Visa reform won’t affect Irish workers, says expert

A company specialising in overseas work visas has moved to calm fears of a rush by Irish people worried about the impact of Australia scrapping its 457 visa, which allows foreign workers in on a temporary basis. 

Visafirst.com said Australia was not abandoning its foreign workers’ programme but rather changing it, saying the 457 will be replaced by a new scheme, the Temporary Skill Shortage, which will leave the door open to thousands of Irish in Australia.

The company said it had been “inundated with frantic calls” from worried Irish people since the announcement of the 457 visa change was made.

Managing director Edwina Shanahan said: “We are urging people not to panic. What we are telling people is that yes, the change will definitely impact on Irish workers. However, while the numbers might fall slightly, we don’t expect to see a huge drop in the numbers of Irish going Down Under over the next few years. This is simply a reform of the sponsorship programme.”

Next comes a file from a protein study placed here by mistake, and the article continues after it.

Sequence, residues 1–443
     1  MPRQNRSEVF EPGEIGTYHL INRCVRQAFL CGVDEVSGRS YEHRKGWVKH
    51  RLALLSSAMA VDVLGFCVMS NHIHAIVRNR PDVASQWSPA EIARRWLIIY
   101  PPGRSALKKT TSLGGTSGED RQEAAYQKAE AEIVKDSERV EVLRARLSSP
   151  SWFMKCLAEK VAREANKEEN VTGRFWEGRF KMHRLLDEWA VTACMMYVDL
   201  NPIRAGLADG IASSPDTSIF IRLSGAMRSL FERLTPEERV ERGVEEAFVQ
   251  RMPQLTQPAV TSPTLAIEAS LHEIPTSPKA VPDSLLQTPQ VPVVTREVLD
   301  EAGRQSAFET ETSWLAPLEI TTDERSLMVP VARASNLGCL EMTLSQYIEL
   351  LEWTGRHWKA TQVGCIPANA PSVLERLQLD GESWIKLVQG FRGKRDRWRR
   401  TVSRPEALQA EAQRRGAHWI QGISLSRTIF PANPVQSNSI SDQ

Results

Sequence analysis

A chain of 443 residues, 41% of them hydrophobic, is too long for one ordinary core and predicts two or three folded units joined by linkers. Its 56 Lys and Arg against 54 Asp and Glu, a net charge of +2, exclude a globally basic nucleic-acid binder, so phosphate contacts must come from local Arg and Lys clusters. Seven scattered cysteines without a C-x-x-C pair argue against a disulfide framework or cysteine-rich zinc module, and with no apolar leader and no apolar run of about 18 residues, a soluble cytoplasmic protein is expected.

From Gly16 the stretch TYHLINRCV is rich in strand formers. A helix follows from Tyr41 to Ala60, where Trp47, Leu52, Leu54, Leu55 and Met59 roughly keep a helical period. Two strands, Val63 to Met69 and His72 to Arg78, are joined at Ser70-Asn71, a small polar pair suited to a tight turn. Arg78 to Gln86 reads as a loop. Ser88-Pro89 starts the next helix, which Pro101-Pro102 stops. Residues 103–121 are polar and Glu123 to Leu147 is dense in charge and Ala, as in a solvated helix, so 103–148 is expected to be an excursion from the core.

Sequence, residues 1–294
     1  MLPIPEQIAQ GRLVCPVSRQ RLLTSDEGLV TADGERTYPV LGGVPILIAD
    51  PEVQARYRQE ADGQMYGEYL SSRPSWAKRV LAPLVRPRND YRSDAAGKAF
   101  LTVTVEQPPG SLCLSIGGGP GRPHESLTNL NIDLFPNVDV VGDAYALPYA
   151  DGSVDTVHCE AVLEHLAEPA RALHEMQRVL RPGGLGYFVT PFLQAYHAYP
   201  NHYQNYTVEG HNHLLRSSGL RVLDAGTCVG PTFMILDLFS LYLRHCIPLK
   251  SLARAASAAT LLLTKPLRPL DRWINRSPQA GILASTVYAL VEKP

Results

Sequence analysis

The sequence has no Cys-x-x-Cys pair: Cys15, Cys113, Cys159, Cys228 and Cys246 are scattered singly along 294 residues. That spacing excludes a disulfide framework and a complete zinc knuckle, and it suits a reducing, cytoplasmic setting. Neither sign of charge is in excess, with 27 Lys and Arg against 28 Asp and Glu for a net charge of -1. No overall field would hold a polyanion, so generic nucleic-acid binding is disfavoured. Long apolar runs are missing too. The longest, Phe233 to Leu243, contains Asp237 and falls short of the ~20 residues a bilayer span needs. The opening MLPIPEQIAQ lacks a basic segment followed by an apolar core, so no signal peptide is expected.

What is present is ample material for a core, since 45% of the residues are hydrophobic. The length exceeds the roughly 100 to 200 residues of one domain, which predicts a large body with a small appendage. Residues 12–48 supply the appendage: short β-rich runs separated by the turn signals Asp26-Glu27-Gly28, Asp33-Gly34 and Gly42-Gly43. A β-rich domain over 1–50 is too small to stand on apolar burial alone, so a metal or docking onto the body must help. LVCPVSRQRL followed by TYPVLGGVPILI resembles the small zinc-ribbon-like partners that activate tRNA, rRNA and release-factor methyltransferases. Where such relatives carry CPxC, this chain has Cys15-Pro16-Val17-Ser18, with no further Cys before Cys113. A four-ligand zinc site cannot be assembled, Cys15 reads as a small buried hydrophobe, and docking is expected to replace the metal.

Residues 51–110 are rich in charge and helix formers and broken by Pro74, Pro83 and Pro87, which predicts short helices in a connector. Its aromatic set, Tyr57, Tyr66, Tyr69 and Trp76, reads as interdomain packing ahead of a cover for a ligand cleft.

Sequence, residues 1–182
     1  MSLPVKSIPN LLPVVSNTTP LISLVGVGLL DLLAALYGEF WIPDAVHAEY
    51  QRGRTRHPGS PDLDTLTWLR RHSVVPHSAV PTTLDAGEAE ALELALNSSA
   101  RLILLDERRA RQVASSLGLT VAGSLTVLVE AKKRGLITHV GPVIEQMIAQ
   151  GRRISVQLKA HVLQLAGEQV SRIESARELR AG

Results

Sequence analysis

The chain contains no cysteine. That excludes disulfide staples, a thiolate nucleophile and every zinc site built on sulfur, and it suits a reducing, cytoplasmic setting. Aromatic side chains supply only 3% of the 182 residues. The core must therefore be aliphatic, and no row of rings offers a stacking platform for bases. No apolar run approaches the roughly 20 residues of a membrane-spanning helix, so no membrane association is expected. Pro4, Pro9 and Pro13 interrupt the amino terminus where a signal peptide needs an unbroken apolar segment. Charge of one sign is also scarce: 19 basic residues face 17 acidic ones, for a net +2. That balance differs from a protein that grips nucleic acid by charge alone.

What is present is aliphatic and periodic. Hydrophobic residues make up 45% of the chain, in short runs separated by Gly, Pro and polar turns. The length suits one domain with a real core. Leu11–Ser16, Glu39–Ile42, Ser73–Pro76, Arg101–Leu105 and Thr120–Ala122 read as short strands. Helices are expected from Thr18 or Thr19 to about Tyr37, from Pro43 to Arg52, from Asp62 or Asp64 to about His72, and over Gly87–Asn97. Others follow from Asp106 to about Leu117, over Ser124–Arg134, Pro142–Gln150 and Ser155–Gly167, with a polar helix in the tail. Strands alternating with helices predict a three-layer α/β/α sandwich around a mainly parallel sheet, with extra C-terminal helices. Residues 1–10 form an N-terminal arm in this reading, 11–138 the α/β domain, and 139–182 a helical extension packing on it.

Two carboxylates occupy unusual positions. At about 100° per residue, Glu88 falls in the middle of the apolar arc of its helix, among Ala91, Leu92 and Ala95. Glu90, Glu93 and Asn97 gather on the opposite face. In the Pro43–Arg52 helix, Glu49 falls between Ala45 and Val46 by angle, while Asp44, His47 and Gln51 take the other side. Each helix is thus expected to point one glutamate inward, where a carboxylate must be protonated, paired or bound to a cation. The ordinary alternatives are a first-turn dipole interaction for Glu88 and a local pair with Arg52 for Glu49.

She said anyone currently travelling on a 457 visa or who has recently been granted one for future travel will not be affected. Thousands of Irish workers will still be able to travel to Australia to work as long as their occupation or profession is on the skills shortage list of which there are over 400, she said.

In the US, President Donald Trump’s executive order promising to clamp down on abuse of the H-1B visa for highly-skilled temporary workers will not impact on Irish employees working for Irish-owned companies in the US, said company insiders.

A spokesperson for Glanbia, which has a significant presence in the US, said: “Glanbia, with a significant footprint in the USA, is committed to hiring the best talent to drive our ambition as a global nutrition company. We expend considerable resources to ensure compliance with immigration law and will work on any changes to current immigration law as they arise. Changes to the H-1B program would not have a significant impact on our business.”

Glanbia echoed the Kerry Group, which said it had a good relationship with the Trump administration.


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